The decision to eliminate custodial positions at the Washington School District drew some complaints at this week's board of education meeting. Superintendent Dave Sextro says its never easy to decide where to make cuts. He says their lawn care department was costing the district more than $40-thousand dollars per year. This week, board members approved a contract with a lawn care company for about $24-thousand dollars per year.

Groups Clash Over High School Rennovation

Major renovations at Washington High-School are causing some conflict between the board of education, and a local citizens committee. The citizen's committee wanted board members to commit to an architect at this week's meeting, but school board President Eric Turner says they didn't like the wording of the resolution. Turner says they've decided to wait on a report from the Iowa Construction Advocate Team, which is expected next month. The independent citizens committee wanted to put architect John Shaw's plan on the ballot for voters to decide on. Turner says that's still a possibility, but they want wait to see what ICAT has to say. 

E-911: the hub of communications

It takes a carefully coordinated effort to mobilize emergency personnel during severe weather. The hub of that effort is emergency telecommunications. Cara Sorrells is the supervisor at the Washington Safety Center. She says they have a rigorous procedure for such situations. Sorrells says while emergency officials rely on her office to serve as a relay point for information, she says they rely on those officials to serve as their eyes and ears in the field.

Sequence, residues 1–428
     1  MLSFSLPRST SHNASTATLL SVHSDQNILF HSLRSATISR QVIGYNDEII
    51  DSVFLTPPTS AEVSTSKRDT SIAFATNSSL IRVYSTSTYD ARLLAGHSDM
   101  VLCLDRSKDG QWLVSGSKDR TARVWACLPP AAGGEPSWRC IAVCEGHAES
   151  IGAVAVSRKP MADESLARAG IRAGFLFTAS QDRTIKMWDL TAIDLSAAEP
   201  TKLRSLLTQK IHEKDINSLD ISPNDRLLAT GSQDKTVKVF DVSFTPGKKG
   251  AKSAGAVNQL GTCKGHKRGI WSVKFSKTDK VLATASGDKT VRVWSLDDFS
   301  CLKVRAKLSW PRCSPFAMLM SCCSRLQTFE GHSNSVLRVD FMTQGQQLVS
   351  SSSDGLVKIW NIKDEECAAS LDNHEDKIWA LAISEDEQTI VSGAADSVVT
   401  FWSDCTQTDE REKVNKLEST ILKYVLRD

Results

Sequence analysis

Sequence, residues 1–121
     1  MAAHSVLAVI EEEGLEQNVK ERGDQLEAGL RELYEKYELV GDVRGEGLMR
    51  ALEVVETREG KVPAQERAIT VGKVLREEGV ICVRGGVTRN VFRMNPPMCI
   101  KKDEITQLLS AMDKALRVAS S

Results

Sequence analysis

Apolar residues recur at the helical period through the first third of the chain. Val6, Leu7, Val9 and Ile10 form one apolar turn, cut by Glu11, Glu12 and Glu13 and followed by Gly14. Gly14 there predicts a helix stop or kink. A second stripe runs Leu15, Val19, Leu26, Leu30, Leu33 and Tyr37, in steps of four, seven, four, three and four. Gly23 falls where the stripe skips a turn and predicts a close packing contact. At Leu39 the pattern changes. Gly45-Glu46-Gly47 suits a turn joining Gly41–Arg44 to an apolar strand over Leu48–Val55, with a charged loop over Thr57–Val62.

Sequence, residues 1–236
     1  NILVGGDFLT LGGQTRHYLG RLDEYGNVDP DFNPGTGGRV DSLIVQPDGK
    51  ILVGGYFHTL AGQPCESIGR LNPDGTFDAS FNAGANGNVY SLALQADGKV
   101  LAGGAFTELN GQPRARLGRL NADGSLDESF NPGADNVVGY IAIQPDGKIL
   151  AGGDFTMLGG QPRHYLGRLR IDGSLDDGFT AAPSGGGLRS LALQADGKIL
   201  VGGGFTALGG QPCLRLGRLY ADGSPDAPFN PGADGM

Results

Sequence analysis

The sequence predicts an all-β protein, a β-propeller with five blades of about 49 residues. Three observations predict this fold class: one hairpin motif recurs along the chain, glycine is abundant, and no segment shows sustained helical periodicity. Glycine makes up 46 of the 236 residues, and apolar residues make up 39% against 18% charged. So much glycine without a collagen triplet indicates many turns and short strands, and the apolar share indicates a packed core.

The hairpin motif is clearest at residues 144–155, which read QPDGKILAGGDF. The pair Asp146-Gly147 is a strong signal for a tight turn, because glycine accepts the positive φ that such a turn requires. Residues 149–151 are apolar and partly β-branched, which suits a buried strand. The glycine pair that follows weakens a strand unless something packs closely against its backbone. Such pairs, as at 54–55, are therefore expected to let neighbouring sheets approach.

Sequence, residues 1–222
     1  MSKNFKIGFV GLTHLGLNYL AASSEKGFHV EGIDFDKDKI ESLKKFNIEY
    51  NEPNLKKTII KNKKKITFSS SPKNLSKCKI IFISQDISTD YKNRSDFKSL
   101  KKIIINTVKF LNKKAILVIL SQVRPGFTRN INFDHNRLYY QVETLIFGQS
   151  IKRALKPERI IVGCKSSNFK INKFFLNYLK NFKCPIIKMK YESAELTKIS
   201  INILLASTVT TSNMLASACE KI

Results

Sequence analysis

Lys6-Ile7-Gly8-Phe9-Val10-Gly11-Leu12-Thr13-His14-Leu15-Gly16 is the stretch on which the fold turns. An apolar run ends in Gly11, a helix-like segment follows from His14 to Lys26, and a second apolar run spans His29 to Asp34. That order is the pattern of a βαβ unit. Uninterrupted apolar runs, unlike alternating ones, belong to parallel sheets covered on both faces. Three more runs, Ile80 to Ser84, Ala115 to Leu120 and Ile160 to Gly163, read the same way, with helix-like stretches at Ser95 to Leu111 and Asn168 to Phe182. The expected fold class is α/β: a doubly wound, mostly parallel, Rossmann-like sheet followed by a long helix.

Washington Construction

Construction season is just around the corner, and the city of Washington is hoping to wrap up several projects this year. City Administrator Dave Plyman says they plan on finishing the new library, and the main street improvement project. He says they'll also start looking at a new water tower Plyman says they'll consider bonds this June to pay for the tower, as well as some of the initial costs of a much needed waste water plant. 

Kalona Roads

The Kalona city council has approved many road repairs. City Adminstrator Doug Morgan says they are also working on broken asphalt and crack filled repairs consisting of 27 sq. yards in several places. That includes a parking lot at 6th Street and B Avenue, paving intersection of A Avenue and 6th Street, as well as chip seal coat repairs to 2nd Street and 3rd Streets south of J Avenue.

Keokuk Learn at Lunch